Lawmakers Call on Biden to Cut Red Tape on Ukraine Refugees

Lawmakers Call on Biden to Cut Red Tape on Ukraine Refugees Lawmakers Call on Biden to Cut Red Tape on Ukraine Refugees Ukrainians who are seeking asylum walk at the El Chaparral port of entry on their way to enter the United States, amid the Russian invasion of Ukraine, on April 7, 2022 in Tijuana, Mexico. (Mario Tama/Getty)

By Eric Mack | Thursday, 07 April 2022 12:23 PM

Lawmakers are hoping to help expedite a gummed-up process of accepting Ukrainian refugees amid Russia's invasion.

"In facing this humanitarian crisis and the devastating effects of this war, we must use every tool in our toolkit to ensure our country responds by efficiently processing eligible immigration and refugee applications, knowing that each one represents someone fleeing devastation, whose life and future may depend on how rapidly paperwork is processed," a letter from 65 lawmakers to President Joe Biden reads, The Washington Post reports.

Among the bipartisan signatories are: Reps. Lloyd Doggett, D-Texas; Zoe Lofgren, D-Calif.; Brian Fitzpatrick, R-Pa.; Andy Harris, R-Md.; Mary Kaptur, D-Ohio; and Mike Quigley, D-Ill.

Nearly 10% of the Ukraine population (around 4 million, mostly women, children, and elderly) have been recorded as official refugees by the United Nations High Commissioner for Refugees (UNHCR).

The Biden administration has been under criticism worldwide for vowing to take in 100,000 refugees, but having been slow to do so, according to reports.

Refugee protection status in the U.S. requires months if not years due to background checks and processing paperwork, according to the Post, but some are heading to Mexico to merely cross into the U.S. at the porous southern border, The Associated Press reported.

White House press secretary Jen Psaki said an "expedited process" is coming "soon" from the administration.

Thus far the Biden administration has granted Ukrainian refugees temporary protected status (TPS), permitting an 18 month stay for those who arrived before March 1, according to the Post.

But thousands have arrived since, including 3,000 across the Mexican border in the past week alone, according to Homeland Security Secretary Alejandro Mayorkas.

Doggett said his letter to Biden "is about easing their burdens through reasonable actions that the administration should undertake promptly," the Post reported.

"Too many Ukrainians — still shocked by their losses and with minimal resources — are entangled in bureaucratic delays that impair their ability to be united with loved ones in America," he wrote in a statement. "This would prevent some from being stranded for weeks in a foreign land and allow others already here to work and go to school. And this action would give more meaning to President Biden's commitment to admit 100,000 Ukrainians seeking refuge."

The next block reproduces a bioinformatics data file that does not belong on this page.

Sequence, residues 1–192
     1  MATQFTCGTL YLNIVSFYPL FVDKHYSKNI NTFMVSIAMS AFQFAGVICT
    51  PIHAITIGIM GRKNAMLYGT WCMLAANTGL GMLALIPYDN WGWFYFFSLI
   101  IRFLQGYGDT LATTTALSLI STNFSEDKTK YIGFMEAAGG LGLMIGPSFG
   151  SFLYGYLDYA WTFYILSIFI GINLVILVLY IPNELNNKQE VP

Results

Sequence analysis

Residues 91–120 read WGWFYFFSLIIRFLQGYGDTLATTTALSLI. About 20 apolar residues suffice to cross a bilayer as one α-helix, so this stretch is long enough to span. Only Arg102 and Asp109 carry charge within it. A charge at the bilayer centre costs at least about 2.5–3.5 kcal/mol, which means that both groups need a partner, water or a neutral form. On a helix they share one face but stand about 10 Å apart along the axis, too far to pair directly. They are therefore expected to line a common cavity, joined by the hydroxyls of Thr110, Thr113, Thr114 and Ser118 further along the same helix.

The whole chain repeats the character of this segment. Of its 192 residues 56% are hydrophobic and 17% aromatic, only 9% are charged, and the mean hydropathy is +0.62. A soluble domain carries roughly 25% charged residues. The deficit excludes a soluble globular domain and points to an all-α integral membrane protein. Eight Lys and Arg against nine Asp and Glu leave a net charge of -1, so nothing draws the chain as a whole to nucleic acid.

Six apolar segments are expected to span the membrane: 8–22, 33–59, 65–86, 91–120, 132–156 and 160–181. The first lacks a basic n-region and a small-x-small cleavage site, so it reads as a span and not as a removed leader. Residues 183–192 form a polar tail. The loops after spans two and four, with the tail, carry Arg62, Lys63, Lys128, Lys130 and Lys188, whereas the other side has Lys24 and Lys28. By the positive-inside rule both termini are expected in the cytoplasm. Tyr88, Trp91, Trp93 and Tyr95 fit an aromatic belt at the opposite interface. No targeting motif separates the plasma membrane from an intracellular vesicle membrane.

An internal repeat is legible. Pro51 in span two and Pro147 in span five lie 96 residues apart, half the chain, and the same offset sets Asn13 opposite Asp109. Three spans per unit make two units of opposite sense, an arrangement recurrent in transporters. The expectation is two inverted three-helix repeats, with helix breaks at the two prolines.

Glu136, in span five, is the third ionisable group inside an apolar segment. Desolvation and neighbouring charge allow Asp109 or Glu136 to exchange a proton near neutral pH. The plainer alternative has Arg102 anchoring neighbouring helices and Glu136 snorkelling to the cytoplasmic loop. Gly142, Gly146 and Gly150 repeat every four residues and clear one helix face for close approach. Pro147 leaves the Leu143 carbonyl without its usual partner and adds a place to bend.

Hundreds of Ukrainian refugees arriving daily have a message for family and friends in Europe: the fastest route to settle in the United States is booking a flight to Mexico.

A loose volunteer coalition, largely from Slavic churches in the western United States, is guiding hundreds of refugees daily from the airport in the Mexican border city of Tijuana to hotels, churches and shelters, where they wait 2 to 4 days for U.S officials to admit them on humanitarian parole. In less than two weeks, volunteers worked with U.S. and Mexican officials to build a remarkably efficient and expanding network to provide food, security, transportation, and shelter.

About 200 to 300 Ukrainians were being admitted daily at the San Ysidro crossing this week, with hundreds more arriving in Tijuana, according to volunteers who manage the waiting list. There were 973 families or single adults waiting on Tuesday.

U.S officials told volunteers they aim to admit about 550 Ukrainians daily as processing moves to a nearby crossing that is temporarily closed to the public. CBP did not provide numbers in response to questions about operations and plans, saying only that it has expanded facilities in San Diego to deal with humanitarian cases.

"We realized we had a problem that the government wasn't going to solve, so we solved it," said Phil Metzger, pastor of Calvary Church in the San Diego suburb of Chula Vista, where about 75 members host Ukrainian families and another 100 refugees sleep on air mattresses and pews.

Metzger, whose pastoral work has taken him to Ukraine and Hungary, calls the operation "duct tape and glue” but refugees prefer it to overwhelmed European countries, where millions of Ukrainians have settled.

The administration set a refugee resettlement cap of 125,000 in the 12-month period that ends Sept. 30 but accepted only 8,758 by March 31, including 704 Ukrainians. In the previous year, it capped refugee resettlement at 62,500 but took only 11,411, including 803 Ukrainians.

The administration paroled more than 76,000 Afghans through U.S. airports in response to the departure of American troops last year, but nothing similar is afoot for Ukrainians.

Information from AP was used in this report.

Original Article